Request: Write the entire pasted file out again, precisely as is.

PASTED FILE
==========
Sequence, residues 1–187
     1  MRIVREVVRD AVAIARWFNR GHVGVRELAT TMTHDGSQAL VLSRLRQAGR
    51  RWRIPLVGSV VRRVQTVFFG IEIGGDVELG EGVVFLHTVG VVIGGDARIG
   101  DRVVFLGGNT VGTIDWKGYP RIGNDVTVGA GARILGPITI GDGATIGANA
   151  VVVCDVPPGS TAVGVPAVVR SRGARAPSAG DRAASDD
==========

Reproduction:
Sequence, residues 1–187
     1  MRIVREVVRD AVAIARWFNR GHVGVRELAT TMTHDGSQAL VLSRLRQAGR
    51  RWRIPLVGSV VRRVQTVFFG IEIGGDVELG EGVVFLHTVG VVIGGDARIG
   101  DRVVFLGGNT VGTIDWKGYP RIGNDVTVGA GARILGPITI GDGATIGANA
   151  VVVCDVPPGS TAVGVPAVVR SRGARAPSAG DRAASDD